on trying new things

Despite the crud that won’t die, the weather this past weekend was gorgeous, and we maximized it by trying to spend as much time outside as possible. Sure, global warming sucks, but getting to wear shorts and flip-flops to the playground in January is pretty awesome.

We spent Sunday at the park with my cousin and her family, and my mom came along too. It was kind of awesome because it was the first time that I wasn’t hyper-vigilantly following both kids around the whole time. Catie had a blast playing with her cousins, so I didn’t need to entertain her at all, and Lucy has decided that she has no fear of climbing on play structures and going down slides by herself. So I sat on a bench, talked with my family, and watched the kids as they ran around and played their hearts out. It was fantastic.

Both of them were filthy and covered in sand by the time we left – Lucy even managed to get sand and bark in her diaper, which? Don’t even ask me how that’s possible. But they were happy and exhausted and everyone slept really well last night.

Little flirt.
Lucy has no idea what I’m talking about with that whole diaper thing. She’s completely innocent. Just look at that face.

But! Before that! On Saturday, since the weather was nice, my parents and I decided to take the kids out on their new bikes that they got for Christmas.

I didn’t get a picture of Lucy on her “bike” (um, tricycle, but she calls it a bike, so whatever), but here it is on Christmas morning.

Lucy and her new tricycle

She doesn’t know how to pedal, but it has a handle that I can push/steer with, so it works.

As for Catie, some backstory first: Catie is cautious to an extreme. The first time you suggest she try something new (a type of food, an activity, whatever), her initial reaction is always to say no. So she was actually kind of upset that Santa brought her a big-kid bike (it’s a two-wheeler with training wheels on it), because she didn’t want one. When I had floated the idea of a bike to her, she said she was “too scared of bikes.”

Once the bike showed up on Christmas morning, she eventually decided that she was ok riding it back and forth across my parents’ kitchen, but she still insisted that she would never, ever ride it outside.

So, my parents put the bikes in their van and brought it to our neighborhood greenway. Catie took one look at the bike and balked. No way was she going to get on it. We tried to reason with her, and she started to have a tantrum about it.

Finally, I said, “Ok, you know what? If you don’t at least try, I’m taking away your iPad for the rest of the weekend.”

The ultimate threat to a nerdy child: that you’ll take away their gadgets.

So she got on the bike, and she immediately loved it. She rode her bike all the way down the greenway to where it ends (at a park with a lake), and after the girls played there for a while, she rode it all the way back.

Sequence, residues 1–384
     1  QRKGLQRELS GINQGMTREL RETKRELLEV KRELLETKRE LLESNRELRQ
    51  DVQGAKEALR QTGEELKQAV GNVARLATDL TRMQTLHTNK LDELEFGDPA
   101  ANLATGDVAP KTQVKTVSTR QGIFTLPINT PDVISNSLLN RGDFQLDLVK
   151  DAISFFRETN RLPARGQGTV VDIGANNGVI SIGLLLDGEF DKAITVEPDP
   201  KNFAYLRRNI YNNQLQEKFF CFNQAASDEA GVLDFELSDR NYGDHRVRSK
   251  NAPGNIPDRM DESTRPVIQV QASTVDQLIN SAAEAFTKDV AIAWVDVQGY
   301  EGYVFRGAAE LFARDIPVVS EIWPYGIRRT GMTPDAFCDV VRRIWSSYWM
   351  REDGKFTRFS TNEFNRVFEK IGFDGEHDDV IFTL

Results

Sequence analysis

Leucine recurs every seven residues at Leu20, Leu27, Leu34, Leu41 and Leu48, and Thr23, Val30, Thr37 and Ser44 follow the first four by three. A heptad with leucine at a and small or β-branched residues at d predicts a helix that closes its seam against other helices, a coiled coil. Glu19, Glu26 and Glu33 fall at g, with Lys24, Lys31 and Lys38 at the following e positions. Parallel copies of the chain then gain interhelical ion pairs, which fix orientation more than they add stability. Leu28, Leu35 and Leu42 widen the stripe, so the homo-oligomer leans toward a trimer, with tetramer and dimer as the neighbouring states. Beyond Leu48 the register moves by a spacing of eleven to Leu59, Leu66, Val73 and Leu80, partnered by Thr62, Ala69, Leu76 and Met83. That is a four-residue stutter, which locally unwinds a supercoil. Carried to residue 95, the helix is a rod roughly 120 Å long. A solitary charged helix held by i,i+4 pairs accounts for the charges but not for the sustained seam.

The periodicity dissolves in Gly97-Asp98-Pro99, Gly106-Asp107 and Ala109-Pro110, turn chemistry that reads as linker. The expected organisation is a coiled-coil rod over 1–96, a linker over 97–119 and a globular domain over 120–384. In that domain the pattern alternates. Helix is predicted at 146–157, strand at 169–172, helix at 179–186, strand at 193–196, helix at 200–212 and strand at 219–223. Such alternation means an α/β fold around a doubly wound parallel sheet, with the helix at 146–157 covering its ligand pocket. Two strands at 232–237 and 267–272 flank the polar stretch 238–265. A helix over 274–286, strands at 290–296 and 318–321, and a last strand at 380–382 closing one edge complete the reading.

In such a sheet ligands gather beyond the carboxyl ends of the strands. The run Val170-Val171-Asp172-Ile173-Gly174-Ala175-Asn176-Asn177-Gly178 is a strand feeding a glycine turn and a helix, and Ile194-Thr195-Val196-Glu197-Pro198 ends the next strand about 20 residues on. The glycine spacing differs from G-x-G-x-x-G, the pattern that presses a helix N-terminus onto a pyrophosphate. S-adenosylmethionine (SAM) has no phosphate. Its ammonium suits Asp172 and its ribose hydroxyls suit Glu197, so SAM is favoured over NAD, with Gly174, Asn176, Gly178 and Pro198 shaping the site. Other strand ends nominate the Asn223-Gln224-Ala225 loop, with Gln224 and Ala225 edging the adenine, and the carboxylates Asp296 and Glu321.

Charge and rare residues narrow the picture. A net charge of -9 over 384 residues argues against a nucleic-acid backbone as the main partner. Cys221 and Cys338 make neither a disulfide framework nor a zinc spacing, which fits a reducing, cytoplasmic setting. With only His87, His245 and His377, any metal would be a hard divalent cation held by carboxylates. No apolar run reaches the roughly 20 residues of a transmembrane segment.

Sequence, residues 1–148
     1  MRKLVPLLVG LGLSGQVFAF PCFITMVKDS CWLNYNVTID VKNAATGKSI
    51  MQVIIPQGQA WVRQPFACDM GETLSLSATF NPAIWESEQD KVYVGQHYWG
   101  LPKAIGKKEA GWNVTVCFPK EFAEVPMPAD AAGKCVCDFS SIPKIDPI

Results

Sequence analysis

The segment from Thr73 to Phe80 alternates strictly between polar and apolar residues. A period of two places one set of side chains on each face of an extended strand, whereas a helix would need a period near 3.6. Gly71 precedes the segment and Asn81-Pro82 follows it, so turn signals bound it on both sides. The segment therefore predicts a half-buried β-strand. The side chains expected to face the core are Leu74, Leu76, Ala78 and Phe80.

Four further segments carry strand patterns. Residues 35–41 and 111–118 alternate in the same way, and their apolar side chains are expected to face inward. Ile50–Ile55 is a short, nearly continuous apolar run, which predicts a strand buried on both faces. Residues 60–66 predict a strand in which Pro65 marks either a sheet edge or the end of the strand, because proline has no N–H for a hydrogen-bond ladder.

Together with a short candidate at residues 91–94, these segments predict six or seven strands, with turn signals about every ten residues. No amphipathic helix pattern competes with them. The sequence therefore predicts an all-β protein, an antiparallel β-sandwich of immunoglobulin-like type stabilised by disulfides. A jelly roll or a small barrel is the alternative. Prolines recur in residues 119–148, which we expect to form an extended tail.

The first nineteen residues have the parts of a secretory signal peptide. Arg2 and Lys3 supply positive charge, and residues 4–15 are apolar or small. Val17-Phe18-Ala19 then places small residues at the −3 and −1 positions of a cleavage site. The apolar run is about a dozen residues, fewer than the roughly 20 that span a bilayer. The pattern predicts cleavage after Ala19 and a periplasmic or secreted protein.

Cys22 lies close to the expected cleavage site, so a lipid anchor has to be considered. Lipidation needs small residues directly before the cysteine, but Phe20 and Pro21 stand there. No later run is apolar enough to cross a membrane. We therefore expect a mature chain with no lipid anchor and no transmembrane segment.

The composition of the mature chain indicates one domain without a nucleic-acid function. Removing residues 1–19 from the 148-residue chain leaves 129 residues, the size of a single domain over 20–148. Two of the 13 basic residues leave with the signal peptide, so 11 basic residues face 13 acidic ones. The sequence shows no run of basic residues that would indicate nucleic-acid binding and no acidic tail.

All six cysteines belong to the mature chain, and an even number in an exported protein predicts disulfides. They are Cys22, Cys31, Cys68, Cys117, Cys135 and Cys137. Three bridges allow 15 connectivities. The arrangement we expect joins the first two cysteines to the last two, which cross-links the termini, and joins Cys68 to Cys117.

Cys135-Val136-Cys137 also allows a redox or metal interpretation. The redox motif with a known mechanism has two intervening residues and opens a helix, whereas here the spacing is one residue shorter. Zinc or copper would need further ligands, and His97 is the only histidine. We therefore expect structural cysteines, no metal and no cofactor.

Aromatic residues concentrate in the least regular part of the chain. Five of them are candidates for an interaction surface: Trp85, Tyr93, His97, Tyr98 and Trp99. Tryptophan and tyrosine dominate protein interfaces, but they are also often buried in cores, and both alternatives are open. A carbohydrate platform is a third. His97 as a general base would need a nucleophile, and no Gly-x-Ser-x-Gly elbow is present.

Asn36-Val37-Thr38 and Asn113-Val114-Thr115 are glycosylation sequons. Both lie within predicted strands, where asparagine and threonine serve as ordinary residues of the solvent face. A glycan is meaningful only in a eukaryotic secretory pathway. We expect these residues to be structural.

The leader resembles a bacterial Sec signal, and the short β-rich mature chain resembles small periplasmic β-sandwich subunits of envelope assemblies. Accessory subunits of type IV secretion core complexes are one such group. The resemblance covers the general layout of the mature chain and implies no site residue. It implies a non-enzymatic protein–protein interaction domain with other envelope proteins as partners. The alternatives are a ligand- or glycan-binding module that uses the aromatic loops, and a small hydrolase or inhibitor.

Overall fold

OMG y'all, she did it! (If you know how cautious Catie is, you know this was a HUGE deal.)

I’m so proud of her. It used to take her a long time to warm up to new ideas, but she’s really getting a lot better about it.

And to that end – the whole “building self-confidence” thing (which has been a problem at kindergarten, too; she just freezes up when she’s asked to try something new for the first time) – I’ve signed her up for martial arts classes. (Huge thank you to Marty for the pass that’s allowing us to try this out for free!)

Her first class is tomorrow. She has said that she doesn’t want to do it, and that she’s just going to watch the first class. Which… um, no, she isn’t. Sorry, kiddo. I’ll hold the iPad hostage again if I have to.

The other motivation for the martial arts class is because I’ve noticed that Catie has a lot of quirks that look like attention deficit disorder, which is not surprising since it runs in both sides of the family. But rather than leaping ahead to getting her tested and on medication, first I thought I’d work on developing her concentration and focus skills this way. I’d rather give her coping mechanisms than drugs.

Of course, I’m not judging and I’m not anti-medication. If it becomes apparent later on down the road that she needs ADD drugs, I’ll certainly give them to her. I just figure that if there are ways to avoid it (or at least postpone it), I should give them a try.

And I have to say, I already can’t wait to see what she looks like in her karate uniform.

2 thoughts on “on trying new things

  1. I was going to leave a long ass comment but it came down to this: Alex has ADHD so if you ever need a local resource to chat with, I am around.

    We go to Lucy Daniels Center for parenting advice and family therapy and it has been one of the most helpful things ever to get the exact help we need. Not generic advice from books, but actual advice about our specific problems, like what to do when Alex has a tantrum and how to help him cope with his fears of new things. And I’m glad we did pursue a diagnosis, if only to get him 504 accommodations in school.
    Laura Case´s last blog post ..A super deep metaphor for life, well maybe not that deepMy Profile

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